Full Title: A Review of Water and Greenhouse Gas Impacts of Unconventional Natural Gas Development in the United States
Author(s): Douglas Arent , Jeffrey Logan, Jordan Macknick, William Boyd, Kenneth Medlock III, Francis O’Sullivan, Jae Edmonds, Leon Clarke, Hillard Huntington, Morgan Bazilian, Garvin Heath, and Patricia Statwick
Publisher(s): MRS Energy & Sustainability : A Review Journal
Publication Date: 05/2015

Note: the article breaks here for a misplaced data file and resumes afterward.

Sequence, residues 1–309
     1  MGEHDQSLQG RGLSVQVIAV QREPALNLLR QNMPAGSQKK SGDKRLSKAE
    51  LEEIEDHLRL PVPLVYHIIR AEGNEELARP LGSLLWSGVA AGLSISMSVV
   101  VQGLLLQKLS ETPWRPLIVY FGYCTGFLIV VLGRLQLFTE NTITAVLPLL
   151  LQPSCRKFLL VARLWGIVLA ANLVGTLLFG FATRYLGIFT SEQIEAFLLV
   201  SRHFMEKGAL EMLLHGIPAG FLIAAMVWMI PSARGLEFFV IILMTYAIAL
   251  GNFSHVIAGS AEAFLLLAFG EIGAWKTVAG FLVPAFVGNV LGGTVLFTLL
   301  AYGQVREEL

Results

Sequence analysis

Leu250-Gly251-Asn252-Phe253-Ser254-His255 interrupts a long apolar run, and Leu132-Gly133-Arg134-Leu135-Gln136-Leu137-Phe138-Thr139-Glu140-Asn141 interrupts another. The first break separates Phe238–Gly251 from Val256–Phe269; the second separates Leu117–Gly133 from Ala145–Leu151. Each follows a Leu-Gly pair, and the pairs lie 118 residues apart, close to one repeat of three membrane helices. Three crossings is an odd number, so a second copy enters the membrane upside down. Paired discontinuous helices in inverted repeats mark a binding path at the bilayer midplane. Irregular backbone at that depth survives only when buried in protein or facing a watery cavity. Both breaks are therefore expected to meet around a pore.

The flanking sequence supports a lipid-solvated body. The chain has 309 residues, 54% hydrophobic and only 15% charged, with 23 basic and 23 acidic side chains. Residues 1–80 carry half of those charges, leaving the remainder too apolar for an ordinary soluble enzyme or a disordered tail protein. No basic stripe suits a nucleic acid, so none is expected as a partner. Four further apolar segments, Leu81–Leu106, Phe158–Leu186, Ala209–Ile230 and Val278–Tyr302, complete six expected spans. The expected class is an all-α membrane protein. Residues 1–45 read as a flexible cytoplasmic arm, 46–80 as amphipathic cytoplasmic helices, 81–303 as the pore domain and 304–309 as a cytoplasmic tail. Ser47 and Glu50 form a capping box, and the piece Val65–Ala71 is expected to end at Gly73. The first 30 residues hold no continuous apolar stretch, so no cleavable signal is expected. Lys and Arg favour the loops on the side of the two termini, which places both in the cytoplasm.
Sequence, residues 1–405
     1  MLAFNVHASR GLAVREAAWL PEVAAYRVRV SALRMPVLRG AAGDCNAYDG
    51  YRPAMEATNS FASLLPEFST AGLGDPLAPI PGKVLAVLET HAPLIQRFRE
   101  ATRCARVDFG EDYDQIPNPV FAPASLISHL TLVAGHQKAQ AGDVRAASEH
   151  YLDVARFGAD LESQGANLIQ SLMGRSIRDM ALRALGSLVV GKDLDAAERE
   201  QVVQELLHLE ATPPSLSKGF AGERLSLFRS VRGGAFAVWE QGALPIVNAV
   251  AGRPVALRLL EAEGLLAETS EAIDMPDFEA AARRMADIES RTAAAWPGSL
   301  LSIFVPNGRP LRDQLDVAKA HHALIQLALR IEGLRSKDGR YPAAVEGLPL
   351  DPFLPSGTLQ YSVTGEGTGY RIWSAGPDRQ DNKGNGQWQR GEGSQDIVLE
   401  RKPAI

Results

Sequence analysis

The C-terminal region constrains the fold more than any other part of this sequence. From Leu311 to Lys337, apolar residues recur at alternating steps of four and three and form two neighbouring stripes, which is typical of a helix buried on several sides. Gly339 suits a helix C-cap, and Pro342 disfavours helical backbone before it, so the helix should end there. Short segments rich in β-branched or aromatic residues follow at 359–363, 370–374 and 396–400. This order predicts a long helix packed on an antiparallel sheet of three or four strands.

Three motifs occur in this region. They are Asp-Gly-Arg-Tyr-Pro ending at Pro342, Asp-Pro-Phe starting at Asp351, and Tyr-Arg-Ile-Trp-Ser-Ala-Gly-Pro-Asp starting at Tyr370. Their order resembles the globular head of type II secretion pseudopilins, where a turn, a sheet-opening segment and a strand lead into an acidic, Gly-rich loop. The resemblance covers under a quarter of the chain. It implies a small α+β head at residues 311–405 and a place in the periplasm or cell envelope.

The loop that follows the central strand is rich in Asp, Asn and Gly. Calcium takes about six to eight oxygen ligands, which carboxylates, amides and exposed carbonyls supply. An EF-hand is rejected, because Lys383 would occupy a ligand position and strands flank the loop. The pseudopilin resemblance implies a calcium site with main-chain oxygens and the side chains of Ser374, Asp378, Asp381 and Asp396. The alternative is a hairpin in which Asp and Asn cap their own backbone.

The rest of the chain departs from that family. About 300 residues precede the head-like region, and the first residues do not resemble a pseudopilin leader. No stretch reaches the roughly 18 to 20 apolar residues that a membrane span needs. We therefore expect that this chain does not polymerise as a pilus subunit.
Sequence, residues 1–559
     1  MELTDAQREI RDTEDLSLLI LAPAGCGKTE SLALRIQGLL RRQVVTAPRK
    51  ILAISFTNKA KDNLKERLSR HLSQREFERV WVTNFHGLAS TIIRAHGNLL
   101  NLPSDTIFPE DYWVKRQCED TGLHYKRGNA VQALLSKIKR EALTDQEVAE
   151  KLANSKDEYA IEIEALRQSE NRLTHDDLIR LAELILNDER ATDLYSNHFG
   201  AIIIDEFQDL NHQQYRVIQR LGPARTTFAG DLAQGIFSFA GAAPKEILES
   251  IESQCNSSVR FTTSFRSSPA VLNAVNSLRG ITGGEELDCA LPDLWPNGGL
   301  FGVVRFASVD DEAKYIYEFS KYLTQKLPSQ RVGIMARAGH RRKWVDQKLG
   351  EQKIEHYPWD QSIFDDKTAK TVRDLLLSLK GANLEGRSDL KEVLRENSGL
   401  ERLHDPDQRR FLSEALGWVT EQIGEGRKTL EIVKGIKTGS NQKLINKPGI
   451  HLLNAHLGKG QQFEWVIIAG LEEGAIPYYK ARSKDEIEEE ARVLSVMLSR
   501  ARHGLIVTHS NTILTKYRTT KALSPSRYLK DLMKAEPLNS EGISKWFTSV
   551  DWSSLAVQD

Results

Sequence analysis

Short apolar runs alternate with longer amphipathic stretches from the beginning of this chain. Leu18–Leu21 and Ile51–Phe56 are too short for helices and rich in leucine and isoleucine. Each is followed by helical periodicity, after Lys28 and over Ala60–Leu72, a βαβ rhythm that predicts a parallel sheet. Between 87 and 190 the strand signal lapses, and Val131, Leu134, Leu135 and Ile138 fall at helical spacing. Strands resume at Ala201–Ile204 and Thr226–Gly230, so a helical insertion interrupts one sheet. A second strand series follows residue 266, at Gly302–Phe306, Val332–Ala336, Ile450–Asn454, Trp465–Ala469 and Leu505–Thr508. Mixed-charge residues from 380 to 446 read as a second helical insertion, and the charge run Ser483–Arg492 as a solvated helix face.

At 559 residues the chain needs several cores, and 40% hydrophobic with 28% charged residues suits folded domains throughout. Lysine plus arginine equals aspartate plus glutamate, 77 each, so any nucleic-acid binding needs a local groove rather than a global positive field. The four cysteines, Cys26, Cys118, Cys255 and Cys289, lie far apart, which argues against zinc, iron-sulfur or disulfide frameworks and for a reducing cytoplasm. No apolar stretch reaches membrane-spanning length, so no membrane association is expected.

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This paper reviews recent developments in the production and use of unconventional natural gas in the United States with a focus on environmental impacts. Specifically, we focus on water management and greenhouse gas emission implications. If unconventional natural gas in the United States is produced responsibly, transported and distributed with little leakage, and incorporated into integrated energy systems that are designed for future resiliency, it could play a significant role in realizing a more sustainable energy future. The cutting-edge of industry water management practices gives a picture of how this transition is unfolding, although much opportunity remains to minimize water use and related environmental impacts. The role of natural gas to mitigate climate forcing is less clear. While natural gas has low CO 2 emissions upon direct use, methane leakage and long term climate effects lead to the conclusion that increased use of natural gas as a substitute for more carbon intensive fuels will not substantially alter world carbon dioxide concentration projections, and that other zero or low carbon energy sources will be needed to limit GHG concentrations. We conclude with some possible avenues for further work.